Bud shape: Although the bud shape is not the most defining characteristic of a marijuana plant that is ready to harvest compared to checking the trichome, you can still check the buds to determine the level of maturity. The buds should appear firm and tight when the plant is ready to harvest. However, the most reliable way to determine if the marijuana plant is ready is by checking the trichome color with a magnifying glass.

woman inspecting cannabis plants at indoor grow

What You’ll Need to Harvest a Marijuana Plant

In general, you’ll need four elements to harvest a marijuana plant, which is water, light, CO2, and nutrients. The amount of water, light, and nutrients will depend on the stage of the growth cycle. 

How to Tell if it’s Too Early to Harvest a Marijuana Plant

The trichome test is certainly the best way to determine if the marijuana plant is ready to harvest. If the trichomes are clear, then it is too early to start harvesting. Additionally, if the majority of the trichomes appear to be clear, then it is not ready for harvesting. When the trichomes are clear, this means that the resin production is not at its peak and the weed will likely be less aromatic, potent, and flavorful.

How to Tell if it’s Too Late to Harvest a Marijuana Plant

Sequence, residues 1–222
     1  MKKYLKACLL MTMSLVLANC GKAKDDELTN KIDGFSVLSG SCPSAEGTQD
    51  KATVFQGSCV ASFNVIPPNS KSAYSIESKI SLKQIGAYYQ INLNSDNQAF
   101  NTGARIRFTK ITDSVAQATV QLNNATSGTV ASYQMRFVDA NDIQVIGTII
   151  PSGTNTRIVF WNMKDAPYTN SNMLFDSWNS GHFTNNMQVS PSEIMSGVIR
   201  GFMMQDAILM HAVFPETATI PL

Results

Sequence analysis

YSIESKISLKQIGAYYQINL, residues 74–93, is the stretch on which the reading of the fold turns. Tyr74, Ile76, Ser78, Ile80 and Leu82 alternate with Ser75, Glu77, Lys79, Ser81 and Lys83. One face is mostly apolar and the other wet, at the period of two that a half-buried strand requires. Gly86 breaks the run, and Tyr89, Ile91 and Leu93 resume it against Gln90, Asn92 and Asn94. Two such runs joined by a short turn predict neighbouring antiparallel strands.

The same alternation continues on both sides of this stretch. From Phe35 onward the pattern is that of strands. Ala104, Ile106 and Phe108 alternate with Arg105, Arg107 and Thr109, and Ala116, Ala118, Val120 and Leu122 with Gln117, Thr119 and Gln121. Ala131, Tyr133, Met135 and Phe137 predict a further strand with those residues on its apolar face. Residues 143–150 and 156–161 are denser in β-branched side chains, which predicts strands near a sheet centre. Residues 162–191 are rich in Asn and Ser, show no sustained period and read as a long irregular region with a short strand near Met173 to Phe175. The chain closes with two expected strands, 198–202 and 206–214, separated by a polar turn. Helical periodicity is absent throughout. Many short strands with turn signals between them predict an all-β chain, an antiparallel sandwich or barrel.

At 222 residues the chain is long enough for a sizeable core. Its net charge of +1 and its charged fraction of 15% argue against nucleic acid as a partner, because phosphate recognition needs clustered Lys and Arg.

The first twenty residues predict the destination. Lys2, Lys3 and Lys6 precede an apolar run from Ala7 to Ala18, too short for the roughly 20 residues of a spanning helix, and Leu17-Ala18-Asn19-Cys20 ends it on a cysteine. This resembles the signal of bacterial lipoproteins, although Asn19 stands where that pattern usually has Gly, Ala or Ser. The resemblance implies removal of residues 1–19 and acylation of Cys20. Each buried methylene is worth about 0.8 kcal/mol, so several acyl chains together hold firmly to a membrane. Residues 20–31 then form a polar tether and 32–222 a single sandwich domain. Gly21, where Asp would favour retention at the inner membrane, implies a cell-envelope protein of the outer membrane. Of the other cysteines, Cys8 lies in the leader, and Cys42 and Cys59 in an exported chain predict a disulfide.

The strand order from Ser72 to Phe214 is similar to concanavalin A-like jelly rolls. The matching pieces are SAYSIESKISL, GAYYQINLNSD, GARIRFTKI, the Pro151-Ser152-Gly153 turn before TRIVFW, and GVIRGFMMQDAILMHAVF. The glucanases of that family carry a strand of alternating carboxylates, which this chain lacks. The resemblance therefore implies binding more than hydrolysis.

The trichome test is just as effective when determining if the marijuana plant is overripe. Check the trichomes and if they are mostly amber in color, then it means that the flowers are overripe. When harvesting overripe plants, will result in a displeasing taste. In addition, the level of THC begins to reduce if there are too many amber-colored trichomes. In some cases when the flowers are too overripe, the trichomes may even begin to turn black. Aside from checking the trichome color, you may also notice that the trichomes are too brittle. When a plant is overripe, the buds may even fall to pieces in your hands.

What to Do After Harvesting a Marijuana Plant

Now that you know when to harvest a marijuana plant, the next step after harvesting includes drying, trimming, and curing. These are very important steps after harvesting. Once you have completed the drying, trimming, and curing process, your weed can now be enjoyed or put away for future use. If you plan to store your weed for future use, it’s important to keep it in a tight container that is vacuum-sealed and in a cool, dark place. This will help it maintain its freshness and shelf life.

About Waferz

Our team at Waferz strives to be a reliable resource for education, providing valuable insight about cannabis products and the industry. We are dedicated to keeping you abreast of the latest news and developments surrounding cannabis, ensuring that the information received helps you stay informed and connected. With years of experience in the industry, our team is committed to helping individuals in the community accurately capture the variation of cannabis, its uses, the latest developments, and more. We strive to be a reputable resource in the cannabis industry, utilizing years of experience, skills, and research to help you stay informed and connected. Learn more about cannabis with Waferz at